The US drug agency approved a medication to treat this disease in its initial stage. Groups of patients demanded his authorization, although there are medical experts who object to clinical trials
After several twists and turns, the United States drug regulatory agency, known as the FDA , announced today thatfast-track authorization of the use of a new drug to treat early-stage Alzheimer’s disease, but asked the Biogen laboratory – which leads the development – to do more research to have more data on its effectiveness.
The drug is called aducanumab. Its trade name is Aduhelm. Patient and family organizations had called for research and approval of more effective treatments, such as aducanumab, but dementia experts have raised objections. Those experts disagree on the way in which clinical trials were carried out and point out that there is still uncertainty about its true efficacy in counteracting the disease.
Drug approval comes with a caveat, Because the FDA requires that Biogen conduct an additional placebo-controlled study of the drug to verify its effectiveness in improving people’s memory and cognitive symptoms.
That request stems in large part from the conclusion of an expert panel that decided almost unanimously thatthe evidence presented by the drug’s developers did not justify approval.
The drug was developed by the Biogen laboratory in collaboration with Eisai. The company had finished two phase 3 trials early, saying the drug had failed. However , after reexamining their data, the company found that in one of those studies, patients who received a high dose of aducanumab for a long period of time benefited . Having these data, he submitted the request for the FDA to approve the drug.
As reported by Patrizia Cavazzoni, director of the Center for Drug Evaluation and Research of the US regulatory agency, the use of Aduhelm (aducanumab) has been approved for the treatment of patients with Alzheimer’s disease using the accelerated approval pathway. This mechanism was used when considering that it is “a drug for a serious or life-threatening disease that can provide a significant therapeutic benefit over existing treatments when the drug is shown to have an effect on a surrogate endpoint that has a reasonable probability of predicting clinical benefit for patients and there remains some uncertainty about the clinical benefit of the drug.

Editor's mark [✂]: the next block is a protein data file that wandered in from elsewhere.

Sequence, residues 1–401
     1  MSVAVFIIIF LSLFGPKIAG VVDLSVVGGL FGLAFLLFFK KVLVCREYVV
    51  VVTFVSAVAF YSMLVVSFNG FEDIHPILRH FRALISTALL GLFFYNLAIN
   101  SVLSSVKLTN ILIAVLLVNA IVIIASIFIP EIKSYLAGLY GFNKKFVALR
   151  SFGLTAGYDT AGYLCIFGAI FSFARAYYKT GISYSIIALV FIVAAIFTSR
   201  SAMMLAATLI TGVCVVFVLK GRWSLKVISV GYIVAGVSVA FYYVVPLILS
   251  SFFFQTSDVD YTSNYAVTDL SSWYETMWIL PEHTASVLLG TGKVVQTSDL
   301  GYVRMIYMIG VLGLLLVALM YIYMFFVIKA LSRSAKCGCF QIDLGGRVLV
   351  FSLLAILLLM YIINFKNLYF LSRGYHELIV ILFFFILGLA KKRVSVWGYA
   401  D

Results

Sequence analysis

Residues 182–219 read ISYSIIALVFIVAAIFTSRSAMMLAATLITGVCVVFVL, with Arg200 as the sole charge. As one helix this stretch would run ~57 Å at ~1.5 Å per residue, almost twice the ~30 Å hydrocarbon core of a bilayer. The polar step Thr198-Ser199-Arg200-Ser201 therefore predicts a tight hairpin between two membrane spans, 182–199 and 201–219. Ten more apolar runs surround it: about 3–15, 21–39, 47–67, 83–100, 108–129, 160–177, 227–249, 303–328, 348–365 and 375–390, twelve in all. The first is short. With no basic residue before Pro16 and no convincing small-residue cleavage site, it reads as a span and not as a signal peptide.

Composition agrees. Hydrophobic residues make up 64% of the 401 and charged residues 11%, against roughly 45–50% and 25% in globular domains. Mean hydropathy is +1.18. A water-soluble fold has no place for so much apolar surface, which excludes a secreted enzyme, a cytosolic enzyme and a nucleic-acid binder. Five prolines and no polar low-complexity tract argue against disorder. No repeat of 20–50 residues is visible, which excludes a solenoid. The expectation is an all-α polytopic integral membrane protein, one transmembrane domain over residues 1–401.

In the press release, Dr. Cavazzoni argued: “ This approval is significant in many ways. Aduhelm is the first novel therapy approved for Alzheimer’s disease since 2003 . Most significantly, Aduhelm is the first treatment to target the underlying pathophysiology of Alzheimer’s disease, the presence of beta amyloid plaques in the brain. Aduhelm’s clinical trials were the first to show that reducing these plaques – a hallmark finding in the brains of Alzheimer’s patients – is expected to lead to a reduction in the clinical deterioration of this devastating form of dementia. “
The drug would be indicated for people with Alzheimer’s in the initial phase. It could have an impact on millions of people with the disease in the US. Today’s approval will also be a key decision for regulatory agencies in other countries to also approve.So far the treatments that are indicated for Alzheimer’s only treat the symptoms.
Alzheimer’s is a progressive neurological disease that affects the thinking and independence of millions of people around the world. Currently, more than 40 million people around the world are living with Alzheimer’s. But it is also the third leading cause of death in people over 65, after cancer and cardiovascular disease.
Generally, Alzheimer’s disease is most commonly diagnosed in people over the age of 65, but it begins earlier with subtle neurological changes that occur over years or even decades before symptoms appear. Many people experience the often unidentified early signs of mild cognitive impairment.